He is buried in Giverny churchyard.
Monet Foundation Museum, Giverny

Pierre-August Renoir

Renoir Impressionist painter: Le Moulin de la Galette painting of many people outside with couple in front. All in beautiful costumes and crowded
Renoir: Le Moulin de la Galette. Public domain. Musée d’Orsay

Pierre-August Renoir (February 25, 1841- December 3, 1919). The leading Impressionist painter is known for his sensual pictures of women and delightful outdoor scenes. Influenced by Pissarro and Manet, he became successful relatively early on in his life. In 1890 he married Aline Victorine Charigot, twenty years his junior and painted her many times. In 1907, suffering from rheumatoid arthritis, he moved to Cagnes-sur-Mer in Provence.
His children included actor Pierre Renoir (1885–1952), filmmaker Jean Renoir (1894–1979) and ceramic artist Claude Renoir (1901–1969). He was the grandfather of the filmmaker Claude Renoir (1913–1993), son of Pierre.
He is buried in Essoyes, Aube.
Visit Renoir’s family home and studio in the small town of Essoyes in Champagne.

Alfred Sisley

Impressionist Painters Alfred sisley Weir at Molseley, Hampton Court with weir gushing water and trees and church spire in background on edge of top lake
Alfred Sisley: Molesley Weir, Hampton Court. Public domain. National Gallery of Scotland

Alfred Sisley (October 30, 1839-January 29, 1899). Born in Paris to wealthy British parents, Sisley spent most of his life in France but made significant trips to Britain. Of all the Impressionist painters, Sisley was the most dedicated proponent of plein air landscape painting. 
He painted the River Thames mostly around Hampton Court, East Molesey and Thames Ditton.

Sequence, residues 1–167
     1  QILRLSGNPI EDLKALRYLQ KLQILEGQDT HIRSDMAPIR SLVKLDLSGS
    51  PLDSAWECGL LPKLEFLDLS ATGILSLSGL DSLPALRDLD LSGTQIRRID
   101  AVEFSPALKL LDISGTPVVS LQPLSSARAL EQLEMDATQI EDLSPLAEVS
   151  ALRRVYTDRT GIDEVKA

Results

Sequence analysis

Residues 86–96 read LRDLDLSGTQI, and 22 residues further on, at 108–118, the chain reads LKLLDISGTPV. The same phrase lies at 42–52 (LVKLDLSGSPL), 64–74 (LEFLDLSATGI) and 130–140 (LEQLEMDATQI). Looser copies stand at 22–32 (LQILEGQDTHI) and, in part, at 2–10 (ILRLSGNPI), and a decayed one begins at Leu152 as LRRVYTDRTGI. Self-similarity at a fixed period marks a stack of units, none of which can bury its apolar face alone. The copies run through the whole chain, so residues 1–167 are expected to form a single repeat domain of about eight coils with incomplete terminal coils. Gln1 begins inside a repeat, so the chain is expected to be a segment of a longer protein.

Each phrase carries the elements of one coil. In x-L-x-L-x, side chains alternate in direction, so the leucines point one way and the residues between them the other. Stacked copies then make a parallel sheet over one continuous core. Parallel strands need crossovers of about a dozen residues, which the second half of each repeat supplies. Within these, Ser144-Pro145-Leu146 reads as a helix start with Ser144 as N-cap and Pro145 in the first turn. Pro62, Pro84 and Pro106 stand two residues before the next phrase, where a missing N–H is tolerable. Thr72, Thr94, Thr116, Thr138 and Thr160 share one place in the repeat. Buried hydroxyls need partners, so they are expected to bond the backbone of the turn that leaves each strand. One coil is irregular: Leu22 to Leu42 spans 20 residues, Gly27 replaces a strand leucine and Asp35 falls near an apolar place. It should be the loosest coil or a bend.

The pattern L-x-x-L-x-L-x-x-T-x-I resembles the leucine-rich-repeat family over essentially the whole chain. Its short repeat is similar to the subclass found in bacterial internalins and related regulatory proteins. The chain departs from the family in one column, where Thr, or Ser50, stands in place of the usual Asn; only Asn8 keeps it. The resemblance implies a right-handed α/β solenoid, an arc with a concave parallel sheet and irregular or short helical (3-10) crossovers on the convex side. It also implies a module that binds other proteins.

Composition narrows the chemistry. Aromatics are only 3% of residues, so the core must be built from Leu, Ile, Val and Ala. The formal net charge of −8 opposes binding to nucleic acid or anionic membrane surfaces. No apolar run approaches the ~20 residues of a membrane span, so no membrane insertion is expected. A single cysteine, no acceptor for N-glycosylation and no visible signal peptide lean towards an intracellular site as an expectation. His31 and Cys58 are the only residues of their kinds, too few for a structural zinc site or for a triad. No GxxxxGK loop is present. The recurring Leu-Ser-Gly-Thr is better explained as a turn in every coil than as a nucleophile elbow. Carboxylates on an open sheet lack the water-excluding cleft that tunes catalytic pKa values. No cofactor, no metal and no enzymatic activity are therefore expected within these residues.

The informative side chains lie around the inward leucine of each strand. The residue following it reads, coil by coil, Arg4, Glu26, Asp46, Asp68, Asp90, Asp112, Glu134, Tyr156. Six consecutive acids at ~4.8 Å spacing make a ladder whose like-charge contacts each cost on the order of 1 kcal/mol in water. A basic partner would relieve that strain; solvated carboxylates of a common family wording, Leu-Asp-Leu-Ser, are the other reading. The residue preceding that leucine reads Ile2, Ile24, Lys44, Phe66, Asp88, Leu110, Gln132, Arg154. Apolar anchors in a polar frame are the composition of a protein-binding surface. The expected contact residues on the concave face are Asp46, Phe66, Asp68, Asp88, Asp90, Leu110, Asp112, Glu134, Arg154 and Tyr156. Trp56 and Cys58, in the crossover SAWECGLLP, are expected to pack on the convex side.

Until 1880, Sisley lived and worked in the country west of Paris; then he and his family moved to a small village near Moret-sur-Loing,  close to the forest of Fontainebleau and near Barbizon. 
On August 5, 1897, Sisley and his partner married in Cardiff Register Office. They stayed in Penarth and Langland Bay on the Gower Peninsula, again producing notable landscapes. Sisley is also known for his paintings of the Seine and its bridges.
He is buried at Moret-sur-Loing.
Château at Fontainebleau

Frédéric Bazille

Frédéric Bazille: Basille's Studio with large studio with big windows; 3 men around 1 painter, man playing piano and man on steps to bookshelves on left
Frédéric Bazille: Bazille’s Studio.  Pierre-Auguste Renoir sits near the stairs; Édouard Manet stands next to the painter. Public domain. Musée d’Orsay

Frédéric Bazille (December 6, 1841-November 28, 1870). In 1862 Bazille moved to Paris, met Renoir and Sisley and began taking art classes. In 1864 he began painting full-time. Less well known than his peers, his close friends included Monet, Sisley and Manet.
He was relatively wealthy and helped support other artists by giving them space in his studio and materials to use. Many of Bazille’s major works are examples of figure painting where he placed the subject figure within a landscape painted outdoors.